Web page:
I never got around to watching Maury that day, preferring instead to just bump into walls and lament the loss of my hair – which had now morphed in my pre-buzz-cut mind into being the perfect head of hair. (Right!) But I did get around to it last week. Here is the series of text messages I sent Amy:
Text #1: “Hi- Just got home from chemo. Resting and watching Maury: “Send in the Decoys…BUST My Cheating Spouse!” Just what the doctor ordered! Lol!”
Text #2: “Favorite exchange so far:
Wife: “I cheated on you.”
Husband: “With who?”
Wife: “Well, I just don’t know his name.”
Text #3: (I was on a roll…):
“Here’s another fav: “Brittany is getting married in a month and she has to know if her fiancé has been sleeping with her mother.”
YOU were right! I am feeling so much better about my life already!!!
I mean, look at the facts: On count one, I KNOW the name of my baby-daddy, and I even know where he lives and see him often. Check. On count two, I don’t have a fiancé, but I’m sure my 84 year old mother would agree with me when I say that although she has certainly been known to appreciate a nice-looking man, she has other priorities in her life right now. Those priorities would not included cat-fighting with her daughter over a dude.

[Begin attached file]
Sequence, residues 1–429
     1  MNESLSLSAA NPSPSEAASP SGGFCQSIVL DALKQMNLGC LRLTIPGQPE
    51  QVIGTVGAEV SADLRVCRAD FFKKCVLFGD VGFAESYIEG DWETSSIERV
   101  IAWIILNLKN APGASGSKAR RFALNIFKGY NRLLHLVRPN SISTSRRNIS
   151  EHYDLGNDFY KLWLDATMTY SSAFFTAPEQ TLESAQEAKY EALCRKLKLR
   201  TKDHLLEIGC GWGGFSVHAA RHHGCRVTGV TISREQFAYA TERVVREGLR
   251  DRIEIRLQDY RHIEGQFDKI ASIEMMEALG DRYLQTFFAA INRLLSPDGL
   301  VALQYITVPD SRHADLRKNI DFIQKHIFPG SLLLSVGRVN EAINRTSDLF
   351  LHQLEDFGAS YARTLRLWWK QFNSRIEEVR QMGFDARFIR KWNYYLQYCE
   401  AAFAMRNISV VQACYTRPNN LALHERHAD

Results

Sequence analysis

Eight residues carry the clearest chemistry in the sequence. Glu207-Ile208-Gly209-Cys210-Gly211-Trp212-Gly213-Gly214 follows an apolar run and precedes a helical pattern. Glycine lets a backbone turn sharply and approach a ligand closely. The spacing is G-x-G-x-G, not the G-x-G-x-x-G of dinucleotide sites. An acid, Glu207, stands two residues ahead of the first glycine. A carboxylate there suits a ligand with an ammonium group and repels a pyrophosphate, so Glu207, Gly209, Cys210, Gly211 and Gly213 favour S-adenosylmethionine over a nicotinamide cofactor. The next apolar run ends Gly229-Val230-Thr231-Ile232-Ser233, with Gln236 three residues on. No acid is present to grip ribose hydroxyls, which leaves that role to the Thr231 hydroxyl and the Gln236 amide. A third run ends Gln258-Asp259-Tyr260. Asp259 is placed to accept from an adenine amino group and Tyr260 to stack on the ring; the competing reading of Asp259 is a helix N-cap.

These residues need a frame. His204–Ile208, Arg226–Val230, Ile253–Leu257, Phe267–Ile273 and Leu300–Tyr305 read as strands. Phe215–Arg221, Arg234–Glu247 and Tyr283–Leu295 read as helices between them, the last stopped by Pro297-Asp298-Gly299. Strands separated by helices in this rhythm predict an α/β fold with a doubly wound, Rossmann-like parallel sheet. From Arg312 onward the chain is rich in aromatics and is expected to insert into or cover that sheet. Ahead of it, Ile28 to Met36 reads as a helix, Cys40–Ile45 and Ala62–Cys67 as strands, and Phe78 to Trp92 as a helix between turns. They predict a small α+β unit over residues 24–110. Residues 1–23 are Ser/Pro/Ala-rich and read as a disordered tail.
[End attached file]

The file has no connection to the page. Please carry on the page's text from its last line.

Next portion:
This is all just very helpful in reminding me that breast cancer is temporary but bad taste is forever.
Zappos. What can I say about a store that understands my need for shoes and my need for immediate shoe gratification? Especially now!
This is so embarrassing but in addition to the “chemo craving” shoes I bought and wrote about (and posted pictures of), I bought four more pairs of shoes in the past three weeks. I also received another pair of the “chemo craving” shoes in bright red for my birthday. This must be some kind of a record. I didn’t get them all from Zappos but I did get the last three pairs from them: by overnight mail, fit perfectly, love them all! Yes, God has a funny way of balancing the scales. (So a big “shout out” to Jesus too.)
Grace. I’m sure this has all been said before, but perhaps not by me. I’m only about half-way through this journey – at least the part I know about and can plan for. And yet, I have learned so much and felt so incongruously grateful as I walk this path. And the miracle to me is that so far I have never had to walk it alone. I thank you all from the bottom of my little Italian heart.
Saturday, June 12, 2010
In some ways today is the final step or the first step in publicly having breast cancer. What a mind blower. I am sitting here watching "The Young Victoria" (she has a lot of hair) with a little turban number on my head. Who would have ever thought?